Barn conversion - how deep should the footings be.....?

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snipped-for-privacy@chaplehouse.demon.co.uk wrote:

He IS Tony Blair!
I claim my 5.
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Talk to a local BCO I think, and ask them whether you have to insulate the habitable areas as well.
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wrote:

Hi Nick I'd planned to do just that - using some sort of insulated plasterboard - once the structure was fixed (roof included) - and electric, water and gas had been bought in. I keep hearing people talk about Celotex - am I correct in thinking this could be used to line the brick walls.....? Si
Regards, Simon http://www.thehawthornes.org
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I'd seen, that's why I mentioned it.

In principle, but I think you want to agree the mechanism with the BCO, and have it on the plans, and that might affect whether they want better foundations...
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Yes. A barn is a large and expensive area to heat. You have the advantage of being able to have thick walls without any hindrance to the living area, and pack in insulation. Insert studs and have plasterboard over and pack between the studs and wall the insulation.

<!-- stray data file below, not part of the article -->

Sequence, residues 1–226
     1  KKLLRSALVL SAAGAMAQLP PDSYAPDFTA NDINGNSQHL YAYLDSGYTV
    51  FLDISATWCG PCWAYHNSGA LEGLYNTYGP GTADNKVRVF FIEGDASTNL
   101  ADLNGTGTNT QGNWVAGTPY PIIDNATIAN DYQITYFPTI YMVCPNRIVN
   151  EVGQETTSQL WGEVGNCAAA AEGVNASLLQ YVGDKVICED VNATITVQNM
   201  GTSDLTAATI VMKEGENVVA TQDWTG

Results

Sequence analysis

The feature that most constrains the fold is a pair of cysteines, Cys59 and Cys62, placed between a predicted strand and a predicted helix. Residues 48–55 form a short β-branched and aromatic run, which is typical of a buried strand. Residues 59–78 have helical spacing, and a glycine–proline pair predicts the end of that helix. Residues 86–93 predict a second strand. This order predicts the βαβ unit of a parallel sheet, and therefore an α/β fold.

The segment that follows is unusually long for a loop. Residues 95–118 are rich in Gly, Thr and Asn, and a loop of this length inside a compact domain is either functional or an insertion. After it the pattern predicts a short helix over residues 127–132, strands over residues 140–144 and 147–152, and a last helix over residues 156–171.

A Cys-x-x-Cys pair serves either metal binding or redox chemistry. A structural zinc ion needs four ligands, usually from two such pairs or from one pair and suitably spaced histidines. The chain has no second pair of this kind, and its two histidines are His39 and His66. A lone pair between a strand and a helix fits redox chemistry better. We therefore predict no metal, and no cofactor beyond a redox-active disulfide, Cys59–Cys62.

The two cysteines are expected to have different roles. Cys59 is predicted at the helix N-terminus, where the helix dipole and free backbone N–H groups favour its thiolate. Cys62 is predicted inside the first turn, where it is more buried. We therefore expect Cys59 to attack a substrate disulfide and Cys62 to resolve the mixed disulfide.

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On Sat, 24 Jan 2004 16:35:08 +0000, Simon Hawthorne

Have a look on their web site, Simon.
There are some application notes which describe the different scenarios of use and exactly which material and the fixing method.
I used some with timber studding to line my single brick workshop as well as to insulate the roof. The results in terms of heat requirement are exactly as calculated.
This is a BCO discussion though, because there may be specific construction and ventilation requirements.

.andy
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Best use a timber frame and spray-in Warmcell insulation. far better.
http://www.warmcel.com
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Simon Hawthorne wrote:

It's more than our 70 year old house has. You need to assess whether there's been any movement recently. If not, and if you're not intending to add to the load (by extending upwards for instance) then you won't need to touch the footings.
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